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Xi Jinping visits Hong Kong to mark China’s “broader jurisdiction” 25 years after it was handed over to Britain

Hong Kong – Chinese leader Xi Jinping marked the 25th anniversary of Hong Kong’s withdrawal in a speech on Friday, stressing Beijing’s sweeping control over the once-British colony as part of its vision of a “one country, two systems” framework Were – countering criticism that political and civil liberties promised for the next quarter under Chinese rule have all been wiped out.

Xi praised the city for overcoming “violent social unrest” – a reference to the massive pro-democracy movement of 2019, followed by a Beijing-led crackdown that quelled dissent and shut down independent media. done, aligning Hong Kong more closely with tighter controls. under the ruling Communist Party of China.

Xi warned that foreign interference or interference by traitors would not be tolerated in Hong Kong’s affairs. He said that “protecting national sovereignty, security and development interests” is the top priority.

China's Xi sworn in - new Hong Kong leader after action
Chinese President Xi Jinping administers the oath to the Chief Executive Officer of Hong Kong, John Lee, at a ceremony in Hong Kong, China on July 1, 2022.

Justin Chin/Bloomberg/Getty


“No one in any country or region of the world will allow foreign countries or even seditious forces and figures to seize power,” Xi said. Only with patriots ruling Hong Kong can it ensure long-term stability.

Beijing claims “extensive jurisdiction”

He said Hong Kong’s promised structure of its own laws and government for 50 years after it was handed over to Britain in 1997 was still a good system that “should be upheld for a long time.”

But he also said that Beijing had “extensive jurisdiction” over Hong Kong, and that Hong Kong should respect the Chinese leadership, even as Beijing considers areas such as Hong Kong and neighboring Macao its own capitalist system and a degree of autonomy. allows to maintain.

“After returning to the homeland, Hong Kong has faced all kinds of challenges and progressed rapidly,” Xi said. “Even if it is an international financial crisis, coronavirus pandemic Or violent social unrest, nothing has stopped Hong Kong’s progress.”


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Since the 2019 protests, officials have Used comprehensive national security legislation to arrest several activistsS, media figures and pro-democracy. He introduced a more “patriotic” curriculum in schools and reformed election laws to keep opposition politicians who are not considered patriotic enough from the city’s legislature. The changes have put an end to the voices of dissent and prompted many to leave the city.

In its view, the Communist Party of China has restored stability to a city that was torn apart by demonstrations seen as a direct challenge to its rule. For Western democracies, Xi has undermined freedoms and the way of life that separated the city from mainland China and made it a global finance and trade center.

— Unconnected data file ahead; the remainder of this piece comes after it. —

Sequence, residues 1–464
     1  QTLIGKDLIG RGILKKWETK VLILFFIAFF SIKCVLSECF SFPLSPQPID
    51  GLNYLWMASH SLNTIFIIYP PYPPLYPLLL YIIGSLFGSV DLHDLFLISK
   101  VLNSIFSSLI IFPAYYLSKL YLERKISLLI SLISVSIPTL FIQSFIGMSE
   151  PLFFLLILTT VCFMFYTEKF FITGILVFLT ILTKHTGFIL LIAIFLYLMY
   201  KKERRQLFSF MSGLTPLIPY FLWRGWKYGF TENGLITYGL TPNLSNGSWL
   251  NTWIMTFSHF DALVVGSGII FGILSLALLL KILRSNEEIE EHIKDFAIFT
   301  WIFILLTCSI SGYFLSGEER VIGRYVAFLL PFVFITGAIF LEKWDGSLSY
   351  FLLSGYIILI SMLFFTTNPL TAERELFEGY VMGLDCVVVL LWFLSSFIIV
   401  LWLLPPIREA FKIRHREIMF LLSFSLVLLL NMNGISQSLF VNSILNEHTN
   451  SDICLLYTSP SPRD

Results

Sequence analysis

US says China “undermined fundamental freedoms”

US National Security Council spokeswoman Adrienne Watson said in a statement that the dismantling of Hong Kong’s democratic institutions and pressure on its judiciary, tighter controls on academic and press freedoms, and the disruption of civil society groups and news outlets “undermine fundamental freedoms”. Have done it. Maintain global stability.”

She said China’s policies towards Hong Kong, including the implementation of the national security law, “shaken the institutions, rules and systems that were the basis of international trust in Hong Kong.”

“We call on the PRC to act in accordance with international obligations,” Watson said.


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Xi’s two-day visit to Hong Kong is his first outside mainland China since the pandemic broke out in January 2020. He last visited Hong Kong in 2017 for the handover ceremony.

Security has been beefed up in Hong Kong for their arrival, with designated security and no-fly zones. Thousands of guests were required to take daily coronavirus tests and ordered to be checked into quarantine hotels prior to their appearance at events with Xi on Thursday and Friday.

Xi also attended the swearing-in ceremony of Hong Kong’s new leader, John Lee, a former security official who oversaw the crackdown on dissent. Li resolved to uphold the city’s miniaturized constitution and allegiance to Hong Kong. He also promised to be accountable to the central government in Beijing.

Possibility to “mirror” the mainland

“The next five years will be an important time for Hong Kong to move from governance to prosperity,” Lee said.

He had earlier indicated plans to introduce Article 23 into the city’s substantive law. It deals with local legislation to protect the Chinese government from acts that threaten national security, such as treason, secession, treason, subversion and foreign collusion.

A similar initiative had to be abandoned in 2003 after massive protests.

Amnesty International warned that Li’s plan to enforce laws governing state secrets and cybersecurity would “reflect similar laws in mainland China.”

The watchdog’s Asia-Pacific regional director, Erwin van der Borg, said in a statement: “The extremely broad definition of such laws facilitates arbitrary enforcement, a fact that creates further uncertainty and fear for people in Hong Kong.” Is.”

In the morning flag hoisting ceremony – attended by Li, his predecessor Carrie Lam and other officers, but not Xi – police officers carrying Chinese and Hong Kong flags walked into Golden Bauhinia Square for the ceremony with Chinese “goose-stepping” style, British style march. The guests stood attentively as the Chinese national anthem was played.

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